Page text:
How South Africa’s bid to host the 2010 World Cup was allegedly built on bribes

Votes for the hosting location of the 2010 World Cup in South Africa were bought by bribes.

This morning, soccer fans awoke to overdue news: Nine FIFA officials had been indicted by the U.S. Department of Justice for charges of corruption, shady dealings in broadcast and marketing deals, and questionable bids for hosting the World Cup.

Swiss authorities announced this morning that they have launched a separate investigation into the 2018 and 2022 bids for the Cup, which were won by Russia and Qatar, respectively. But while the answers to those longstanding concerns will likely come in the future, documents released today by the DOJ are finally shedding some light into how South Africa’s successful bid to host the 2010 World Cup might have been bought off.

Fusion got its grubby little hands on the indictments (and other court documents) unsealed today. Here’s the story of how South Africa bought the right to host the World Cup, as best we can piece it together.

In 2004, just before the selection was to take place, Chuck Blazer and Jack Warner, two former FIFA officials, traveled to Morroco. While there, the Moroccan government offered the officials $1 million in exchange for former CONCACAF president Warner’s vote. (CONCACAF is FIFA’s soccer federation for North America, Central America and the Caribbean.)

But his travel buddy, Chuck Blazer, the former CONCACAF general secretary, filled Warner in on some details of a more lucrative offer. Other high-ranking FIFA officials, the South African government, and the South African bid committee could arrange a payment of $10 million for Warner’s vote, in order to “support the African diaspora.”

According to the court documents, Warner said yes to the offer, agreeing to give Blazer $1 million for helping arrange it.

South Africa won the vote for the 2010 World Cup over Morocco and Egypt, and six years later came the summer of the vuvuzela.

CAPE TOWN, SOUTH AFRICA - JUNE 08:  A woman blows a Vuvuzela in central Cape Town on June 8, 2010 in Cape Town, South Africa.  (Photo by Dan Kitwood/Getty Images)Getty Images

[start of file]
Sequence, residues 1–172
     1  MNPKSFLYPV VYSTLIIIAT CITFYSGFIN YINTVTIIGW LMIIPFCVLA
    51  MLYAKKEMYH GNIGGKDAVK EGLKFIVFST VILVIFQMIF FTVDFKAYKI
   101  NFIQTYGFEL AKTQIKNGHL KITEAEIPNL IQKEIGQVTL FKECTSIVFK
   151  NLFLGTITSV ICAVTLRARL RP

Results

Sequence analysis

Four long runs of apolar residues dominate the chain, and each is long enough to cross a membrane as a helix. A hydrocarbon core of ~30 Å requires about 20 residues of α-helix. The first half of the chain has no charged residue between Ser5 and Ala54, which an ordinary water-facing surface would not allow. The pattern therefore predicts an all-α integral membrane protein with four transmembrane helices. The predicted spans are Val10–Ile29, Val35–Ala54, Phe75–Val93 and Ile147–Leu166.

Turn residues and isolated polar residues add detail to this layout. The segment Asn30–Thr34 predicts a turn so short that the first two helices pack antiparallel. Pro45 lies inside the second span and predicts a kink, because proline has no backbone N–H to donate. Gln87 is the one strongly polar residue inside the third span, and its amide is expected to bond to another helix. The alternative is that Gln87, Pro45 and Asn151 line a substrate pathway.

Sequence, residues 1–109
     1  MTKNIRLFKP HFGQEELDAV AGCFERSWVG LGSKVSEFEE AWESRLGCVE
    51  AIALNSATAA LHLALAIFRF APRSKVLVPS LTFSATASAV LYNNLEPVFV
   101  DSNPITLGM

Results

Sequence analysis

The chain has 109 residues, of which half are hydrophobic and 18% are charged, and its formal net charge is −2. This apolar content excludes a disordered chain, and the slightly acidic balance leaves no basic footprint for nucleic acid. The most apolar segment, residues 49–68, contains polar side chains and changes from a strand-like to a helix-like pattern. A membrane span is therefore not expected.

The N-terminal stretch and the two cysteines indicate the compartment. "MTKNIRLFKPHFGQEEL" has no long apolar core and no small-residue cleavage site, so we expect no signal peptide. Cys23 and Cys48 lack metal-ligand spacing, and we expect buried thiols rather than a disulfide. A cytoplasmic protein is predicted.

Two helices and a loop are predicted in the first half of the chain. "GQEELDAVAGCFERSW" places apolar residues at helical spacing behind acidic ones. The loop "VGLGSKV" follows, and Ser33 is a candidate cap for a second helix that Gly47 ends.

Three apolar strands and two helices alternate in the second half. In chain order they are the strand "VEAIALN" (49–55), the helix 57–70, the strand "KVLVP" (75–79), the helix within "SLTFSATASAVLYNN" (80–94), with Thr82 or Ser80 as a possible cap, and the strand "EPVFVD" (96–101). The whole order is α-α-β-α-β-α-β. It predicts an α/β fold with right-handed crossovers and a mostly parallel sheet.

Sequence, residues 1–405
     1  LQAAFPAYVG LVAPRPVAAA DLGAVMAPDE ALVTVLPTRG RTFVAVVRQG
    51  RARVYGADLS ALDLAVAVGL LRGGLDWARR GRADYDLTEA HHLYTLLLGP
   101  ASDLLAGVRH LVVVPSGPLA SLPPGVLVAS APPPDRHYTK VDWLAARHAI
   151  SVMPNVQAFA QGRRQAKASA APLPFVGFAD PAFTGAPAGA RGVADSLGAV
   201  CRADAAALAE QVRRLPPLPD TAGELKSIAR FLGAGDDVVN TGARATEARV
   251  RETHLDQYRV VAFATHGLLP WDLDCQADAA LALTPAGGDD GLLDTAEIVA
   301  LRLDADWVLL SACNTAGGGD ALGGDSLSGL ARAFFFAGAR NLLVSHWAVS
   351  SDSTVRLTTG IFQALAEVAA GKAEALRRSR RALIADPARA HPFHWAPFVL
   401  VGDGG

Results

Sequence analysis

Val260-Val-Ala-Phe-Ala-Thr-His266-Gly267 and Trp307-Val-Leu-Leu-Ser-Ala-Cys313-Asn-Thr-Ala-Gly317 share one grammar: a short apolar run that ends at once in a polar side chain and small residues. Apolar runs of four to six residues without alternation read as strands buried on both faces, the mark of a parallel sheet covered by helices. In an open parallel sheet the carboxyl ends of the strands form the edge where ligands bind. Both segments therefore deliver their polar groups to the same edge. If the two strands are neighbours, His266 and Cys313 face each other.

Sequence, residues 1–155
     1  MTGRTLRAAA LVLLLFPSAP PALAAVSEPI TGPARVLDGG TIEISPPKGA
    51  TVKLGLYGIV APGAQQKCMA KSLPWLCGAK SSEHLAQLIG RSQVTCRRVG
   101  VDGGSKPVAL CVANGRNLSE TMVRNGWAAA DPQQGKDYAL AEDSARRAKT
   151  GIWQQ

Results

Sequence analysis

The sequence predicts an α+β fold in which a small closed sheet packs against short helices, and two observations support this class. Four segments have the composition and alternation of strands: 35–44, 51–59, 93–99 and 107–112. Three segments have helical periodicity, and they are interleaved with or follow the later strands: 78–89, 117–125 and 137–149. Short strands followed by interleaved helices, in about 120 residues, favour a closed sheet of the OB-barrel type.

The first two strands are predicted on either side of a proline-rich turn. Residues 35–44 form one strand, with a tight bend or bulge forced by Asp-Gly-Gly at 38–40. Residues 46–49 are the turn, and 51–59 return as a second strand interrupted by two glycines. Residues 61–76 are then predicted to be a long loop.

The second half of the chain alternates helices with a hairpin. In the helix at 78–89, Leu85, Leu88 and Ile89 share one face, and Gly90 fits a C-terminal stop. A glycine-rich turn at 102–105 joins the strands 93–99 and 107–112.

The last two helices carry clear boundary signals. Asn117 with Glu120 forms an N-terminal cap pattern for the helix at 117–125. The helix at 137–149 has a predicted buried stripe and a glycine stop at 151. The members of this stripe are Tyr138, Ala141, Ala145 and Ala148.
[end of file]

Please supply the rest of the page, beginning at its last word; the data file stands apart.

CAPE TOWN, SOUTH AFRICA - JUNE 08: A woman blows a Vuvuzela in central Cape Town on June 8, 2010 in Cape Town, South Africa. (Photo by Dan Kitwood/Getty Images)

That’s where the story could end, but it only gets deeper. Apparently, Warner and Blazer learned that the “South Africans were unable to arrange for the payment to be made directly from government funds.”

Instead, the money was arranged to be sent directly from FIFA, to the Caribbean Football Union (CFU) — where Warner was president. A few years went by, and the payments started coming. In January 2008, according to the documents, “a high-ranking FIFA official caused payments of $616,000, $1,600,000 and $7,784,000 — totaling $10 million — to be wired from a FIFA account in Switzerland to a Bank of America correspondent account in New York, New York.”

The accounts were held in the names of the CFU and CONCACAF, but were controlled by Warner. Shortly after, Warner started transferring the money for personal use. He also transferred $1.4 million to an unnamed Trinidadian businessman and an unnamed Trinidadian company. A few weeks later, checks of about the same amount of money were deposited into one of Warner’s account, coming from a company owned by that same unknown individual.

Over the next few years, Warner paid Blazer over $750,000 in three different payments.

Warner was among the indicted this morning on allegations of corruption — hardly a surprise to those who remember he resigned from his post in CONCACAF in 2011, when allegations of corruption were heating up.

For his part, it was announced today that Blazer had already plead guilty to 10 counts of racketeering conspiracy, wire fraud conspiracy, tax evasion, and other things. That happened, surprisingly, back in November 2013, but was just made public today.

Blazer forfeited over $1.9 million when he entered his plea, and the DOJ says he will have to pay even more whenever he gets sentenced. He faces up to 10 years in prison for the crime.

All of this is to say: crime pays. But then when the feds catch up to you, it takes away.